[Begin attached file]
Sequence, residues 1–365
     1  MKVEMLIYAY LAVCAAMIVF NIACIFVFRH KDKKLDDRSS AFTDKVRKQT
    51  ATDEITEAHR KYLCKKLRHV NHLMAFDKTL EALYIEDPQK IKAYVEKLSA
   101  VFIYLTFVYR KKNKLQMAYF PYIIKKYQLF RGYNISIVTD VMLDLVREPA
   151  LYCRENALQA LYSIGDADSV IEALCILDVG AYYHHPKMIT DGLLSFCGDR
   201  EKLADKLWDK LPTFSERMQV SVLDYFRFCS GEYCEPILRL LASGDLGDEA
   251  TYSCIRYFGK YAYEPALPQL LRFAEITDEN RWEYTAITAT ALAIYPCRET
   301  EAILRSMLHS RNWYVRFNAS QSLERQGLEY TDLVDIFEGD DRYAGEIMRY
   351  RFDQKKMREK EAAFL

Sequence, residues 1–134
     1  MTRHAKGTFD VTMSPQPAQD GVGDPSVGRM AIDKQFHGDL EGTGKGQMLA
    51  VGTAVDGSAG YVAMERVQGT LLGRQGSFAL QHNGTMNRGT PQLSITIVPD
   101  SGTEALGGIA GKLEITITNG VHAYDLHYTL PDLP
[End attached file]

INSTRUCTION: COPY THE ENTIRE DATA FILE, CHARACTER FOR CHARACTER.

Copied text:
Sequence, residues 1–365
     1  MKVEMLIYAY LAVCAAMIVF NIACIFVFRH KDKKLDDRSS AFTDKVRKQT
    51  ATDEITEAHR KYLCKKLRHV NHLMAFDKTL EALYIEDPQK IKAYVEKLSA
   101  VFIYLTFVYR KKNKLQMAYF PYIIKKYQLF RGYNISIVTD VMLDLVREPA
   151  LYCRENALQA LYSIGDADSV IEALCILDVG AYYHHPKMIT DGLLSFCGDR
   201  EKLADKLWDK LPTFSERMQV SVLDYFRFCS GEYCEPILRL LASGDLGDEA
   251  TYSCIRYFGK YAYEPALPQL LRFAEITDEN RWEYTAITAT ALAIYPCRET
   301  EAILRSMLHS RNWYVRFNAS QSLERQGLEY TDLVDIFEGD DRYAGEIMRY
   351  RFDQKKMREK EAAFL

Sequence, residues 1–134
     1  MTRHAKGTFD VTMSPQPAQD GVGDPSVGRM AIDKQFHGDL EGTGKGQMLA
    51  VGTAVDGSAG YVAMERVQGT LLGRQGSFAL QHNGTMNRGT PQLSITIVPD
   101  SGTEALGGIA GKLEITITNG VHAYDLHYTL PDLP